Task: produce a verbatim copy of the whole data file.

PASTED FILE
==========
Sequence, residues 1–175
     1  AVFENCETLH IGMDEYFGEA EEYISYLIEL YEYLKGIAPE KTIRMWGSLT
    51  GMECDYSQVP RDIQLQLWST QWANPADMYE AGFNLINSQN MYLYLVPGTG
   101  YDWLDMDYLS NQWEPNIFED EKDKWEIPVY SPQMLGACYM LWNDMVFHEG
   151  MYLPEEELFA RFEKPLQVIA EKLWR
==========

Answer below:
Sequence, residues 1–175
     1  AVFENCETLH IGMDEYFGEA EEYISYLIEL YEYLKGIAPE KTIRMWGSLT
    51  GMECDYSQVP RDIQLQLWST QWANPADMYE AGFNLINSQN MYLYLVPGTG
   101  YDWLDMDYLS NQWEPNIFED EKDKWEIPVY SPQMLGACYM LWNDMVFHEG
   151  MYLPEEELFA RFEKPLQVIA EKLWR